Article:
my new job

pub date: 11/01/2009
paperback isbn: 978-1-934200-26-1
paperback: $16.00

In this third collection, Catherine Wagner assumes a mantle of responsibility. Each opportunity for productivity is a personal call-out; she responds, “diligent and strict.” A repetitive stretching exercise produces sectional meditations on obedience to self, and to ambition, and the limitations of the body as container, while the obligation to include others in one’s apprehension of the room, or self, causes Wagner’s slangy, spoken, and singing world of representation to slide from syntactic unit to unit, making room for a galaxy of metonymy. “Things mean, and i can’t tell them not to.” What’s going on inside is a watchful self-regard that invites eros to play. Further exploration takes Wagner close into sexual fantasy—the desire for a debased object—and the politics thereof: “Well i expect you to go into the/fucking human tunnel/i’m going.” In each of the four series that make up this book we find a female body watching itself and marking that watching with a severe wit, charmed visuals, and the analytic prowess of a born human.

Catherine Wagner was born in Burma and grew up in Baltimore. She is the author of Macular Hole (2004) and Miss America(2001), both from Fence Books. With Rebecca Wolff, she edited Not for Mothers Only: Contemporary Poems on Child-Getting and Child-Rearing (Fence Books, 2007). Recent chapbooks include Bornt (Dusie, 2009), Articulate How (Big Game, 2008) and Hole in the Ground (Slack Buddha, 2008). She teaches at Miami University in Oxford, OH.


My New Job is the description of work itself. Based in argument, exercise regimens, a startling range of references, and on twinned desires to “root the mountain down” and “learn everything at once,” the book is a raucous public accounting. There’s much truth here but My New Job‘s nature doesn’t allow the luxury of reconciliation. Instead Catherine Wagner delivers the unanticipated beauty of acknowledgement—reduplications, pain ratios, contradictions, corrections, consumables, “and the things in people’s eyes.” This is work worth returning to.”  —C. S. Giscombe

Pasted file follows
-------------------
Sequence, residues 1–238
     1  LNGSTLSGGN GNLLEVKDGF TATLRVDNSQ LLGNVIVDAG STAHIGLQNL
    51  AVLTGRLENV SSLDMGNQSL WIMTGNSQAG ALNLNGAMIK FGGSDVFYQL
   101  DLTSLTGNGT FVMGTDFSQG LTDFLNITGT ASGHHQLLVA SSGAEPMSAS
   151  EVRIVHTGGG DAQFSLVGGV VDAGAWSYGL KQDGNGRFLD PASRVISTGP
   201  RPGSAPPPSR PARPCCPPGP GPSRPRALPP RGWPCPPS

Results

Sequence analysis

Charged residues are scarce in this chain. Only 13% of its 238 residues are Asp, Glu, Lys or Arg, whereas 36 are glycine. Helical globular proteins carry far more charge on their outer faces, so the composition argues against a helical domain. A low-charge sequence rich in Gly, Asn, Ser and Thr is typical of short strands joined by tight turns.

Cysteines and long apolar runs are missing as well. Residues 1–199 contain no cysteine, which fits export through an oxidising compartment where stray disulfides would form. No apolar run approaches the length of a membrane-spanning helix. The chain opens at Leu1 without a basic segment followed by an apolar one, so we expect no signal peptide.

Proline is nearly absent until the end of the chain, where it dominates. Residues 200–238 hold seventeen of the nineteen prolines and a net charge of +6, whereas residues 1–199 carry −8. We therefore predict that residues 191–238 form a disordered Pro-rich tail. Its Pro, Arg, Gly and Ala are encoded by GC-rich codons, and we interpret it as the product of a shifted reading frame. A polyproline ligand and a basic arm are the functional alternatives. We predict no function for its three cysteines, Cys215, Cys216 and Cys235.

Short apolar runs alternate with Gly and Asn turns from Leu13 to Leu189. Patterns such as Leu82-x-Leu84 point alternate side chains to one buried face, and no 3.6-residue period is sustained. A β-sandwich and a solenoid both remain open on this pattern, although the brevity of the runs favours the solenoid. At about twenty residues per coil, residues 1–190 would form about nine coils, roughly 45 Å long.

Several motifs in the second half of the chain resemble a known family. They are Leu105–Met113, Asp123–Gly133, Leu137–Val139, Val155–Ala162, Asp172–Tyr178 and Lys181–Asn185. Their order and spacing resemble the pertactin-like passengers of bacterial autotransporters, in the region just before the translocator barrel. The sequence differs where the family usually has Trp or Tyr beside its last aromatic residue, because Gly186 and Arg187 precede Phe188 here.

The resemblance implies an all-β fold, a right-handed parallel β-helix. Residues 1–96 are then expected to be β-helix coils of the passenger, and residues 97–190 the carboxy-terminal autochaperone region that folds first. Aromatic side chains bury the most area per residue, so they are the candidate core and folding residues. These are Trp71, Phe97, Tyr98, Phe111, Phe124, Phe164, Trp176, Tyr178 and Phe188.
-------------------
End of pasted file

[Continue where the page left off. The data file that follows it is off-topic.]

“Catherine Wagner’s “new job” might be the last great book of the oughts. Part of its delight is that it is not constant. Its eyelid adjusts and flutters throughout. It’s three books at least: fuzzy portraiture of energy and thought like early moderns: Arthur Dove and Georgia O’Keefe—and even like Pound, in Wagner’s familial way of tugging at language. It’s also a bit Don Juan (as in Castaneda). It’s a new age book: searching, awkward and useful too—a momentary sex manual for girls—then a dirty adult notebook. My New Job is physical, a shucking work. One picks up some spin on Sylvia Plath but what I truly felt was Frankenstein.My New Job is tinkering with life. I found myself imagining Wagner wondering what else Plath might have done—not instead of killing herself but what if she just wrote something different.Frankenstein kept Mary Shelley alive for a very long time whileAriel simply pointed to Plath’s own demise. In My New Job “The women step out, the men go in” and the edifice C. Wagner’s made seems an increasingly wider and wider kind of turning—colossal and somatic—through her own body & the bodies of others. Cathy’s Job is a joyous multiple. It’s a lift.” —Eileen Myles



“These poems are stunning, quotidian and rare. In My New Job, Catherine Wagner writes from an interior space that spies on the world, makes it a culprit, co-conspirator, an endless source of particulars. The poet too is a character in this world, and we, the dear reader, are gladly implicated in these curiously and gorgeously framed poems that take us to what we have always known to be true: the ordinary is as breathless as any dream. Rich with imagery, these poems are the body that holds the intelligence of critical desire. I am learning something here about water. I am learning about how to see. I am learning that “womb” is a verb. I am learning about the economy of time. Wagner reminds us that this, too, is the poet’s job, to hold it all, all the worlds, in language’s slippery embrace. This is a fully arrived poetry.”  —Akilah Oliver